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Is the housing market grinding to a halt, or are the statistics that measure home sales still ailing from extreme weather that swept the country earlier this year? The answer to that question, expected on Tuesday, could be this week's make-it-or-break-it moment for the S&P 500 (SNPINDEX:^GSPC).

With the spring homebuying season just around the corner, the condition of the housing market has become a pivotal point of focus.

"A flurry of recent housing data suggests that the market's spring selling season is getting off to a slow start," wrote Nick Timiraos of The Wall Street Journal on Tuesday. And Robert Shiller, co-founder of the Case-Shiller Home Price Index, suggested on Friday that the market's momentum may be changing for the worse.

In short, analysts and observers are worried because of existing-home sales, which account for the lions' share of real estate activity in the United States. After climbing for nearly three straight years, the market reversed course last July. And most recently, the pace of previously owned home sales dropped by 7.1% in February compared to the same month last year.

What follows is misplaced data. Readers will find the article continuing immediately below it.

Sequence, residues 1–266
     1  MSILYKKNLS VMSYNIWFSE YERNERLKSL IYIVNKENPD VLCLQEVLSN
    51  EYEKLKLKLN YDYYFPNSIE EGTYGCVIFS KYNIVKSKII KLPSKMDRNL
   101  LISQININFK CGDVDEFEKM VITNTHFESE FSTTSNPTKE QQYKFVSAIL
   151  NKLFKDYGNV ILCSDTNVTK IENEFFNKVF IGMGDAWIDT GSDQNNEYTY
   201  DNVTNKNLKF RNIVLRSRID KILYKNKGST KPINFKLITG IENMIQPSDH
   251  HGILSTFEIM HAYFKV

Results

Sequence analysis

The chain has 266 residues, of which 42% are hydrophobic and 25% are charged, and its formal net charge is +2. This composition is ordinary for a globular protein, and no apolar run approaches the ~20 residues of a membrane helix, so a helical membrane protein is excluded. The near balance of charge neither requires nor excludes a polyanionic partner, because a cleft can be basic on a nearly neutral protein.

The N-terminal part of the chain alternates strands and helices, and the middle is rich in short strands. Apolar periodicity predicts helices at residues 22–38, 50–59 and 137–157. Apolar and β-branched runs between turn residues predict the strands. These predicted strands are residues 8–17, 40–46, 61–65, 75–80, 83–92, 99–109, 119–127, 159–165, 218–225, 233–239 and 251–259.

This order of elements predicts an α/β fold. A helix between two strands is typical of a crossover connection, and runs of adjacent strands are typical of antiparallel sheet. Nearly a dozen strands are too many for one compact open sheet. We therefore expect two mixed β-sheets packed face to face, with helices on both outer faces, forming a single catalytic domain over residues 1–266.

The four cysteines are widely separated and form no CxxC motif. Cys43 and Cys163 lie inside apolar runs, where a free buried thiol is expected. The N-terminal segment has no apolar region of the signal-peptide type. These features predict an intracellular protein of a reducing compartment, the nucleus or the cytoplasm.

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While there are multiple explanations for the drop, one of the most frequently cited is the Arctic cold front that draped much of the country with frigid temperatures and elevated snowfall throughout the first three months of the year. "We had ongoing unusual weather disruptions across much of the country last month," said Lawrence Yun, chief economist at the National Association of Realtors.

It's for this reason that Yun believes things could soon turn around. At the end of last month, for instance, he observed that, "buyer traffic information from our monthly Realtor survey shows a modest turnaround, and some weather delayed transactions should close in the spring."

Is Yun right? Or are the issues more fundamental? That's the pivotal question analysts and investors will get an answer to on Tuesday.

John Maxfield and The Motley Fool have no position in any of the stocks mentioned. Try any of our Foolish newsletter services free for 30 days. We Fools don't all hold the same opinions, but we all believe that considering a diverse range of insights makes us better investors. The Motley Fool has a disclosure policy.